In eastern Congo's South Kivu region, one of the most-conflict ridden areas of the country, pessimism is widespread, particularly when it comes to the candidates themselves.
Bukavu, Democratic Republic of Congo
Congolese will go to the polls on Monday, Nov. 28, in the country’s second democratic elections since independence. For the first time the presidential and parliamentary vote will be combined in the same election. Elections themselves are logistically difficult – Congo is home to over 71 million people, from about 450 tribes, spread over a vast country the size of Western Europe.
Congo is also known for its impressive natural resource wealth, yet it is as rich in resources as it is in atrocities given the fact that it has been ravaged by successive wars for more than 15 years. The province of South Kivu and its capital city, Bukavu, is one of the worst conflict-affected areas in eastern Congo. In light of the conflict and hardship in the East, I asked myself: Do the upcoming elections matter here?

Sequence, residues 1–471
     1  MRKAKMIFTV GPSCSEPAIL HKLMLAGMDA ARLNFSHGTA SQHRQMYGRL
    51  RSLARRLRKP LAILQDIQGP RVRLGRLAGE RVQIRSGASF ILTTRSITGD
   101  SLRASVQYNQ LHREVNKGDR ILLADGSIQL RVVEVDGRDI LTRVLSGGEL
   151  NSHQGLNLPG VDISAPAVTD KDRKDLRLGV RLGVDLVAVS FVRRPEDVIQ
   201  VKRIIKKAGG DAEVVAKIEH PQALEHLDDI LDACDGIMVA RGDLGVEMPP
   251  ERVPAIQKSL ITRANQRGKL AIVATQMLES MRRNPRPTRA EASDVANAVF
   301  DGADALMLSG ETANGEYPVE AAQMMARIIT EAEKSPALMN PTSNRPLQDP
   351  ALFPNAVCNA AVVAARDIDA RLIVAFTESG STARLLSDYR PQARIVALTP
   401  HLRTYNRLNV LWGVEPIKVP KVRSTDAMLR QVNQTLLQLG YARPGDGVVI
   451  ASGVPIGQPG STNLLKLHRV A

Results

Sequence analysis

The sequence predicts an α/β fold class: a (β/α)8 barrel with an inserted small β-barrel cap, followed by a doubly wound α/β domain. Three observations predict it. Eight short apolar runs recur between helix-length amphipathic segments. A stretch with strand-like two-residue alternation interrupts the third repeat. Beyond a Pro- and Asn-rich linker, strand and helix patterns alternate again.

Across the country and here in South Kivu the campaign is the subject of countless conversations among the locals. I spent some time walking around in town to capture the sentiments of people.
When asked about local perspectives of the upcoming elections, a community leader, a note of desperation in his voice, said:
Page 1 of 4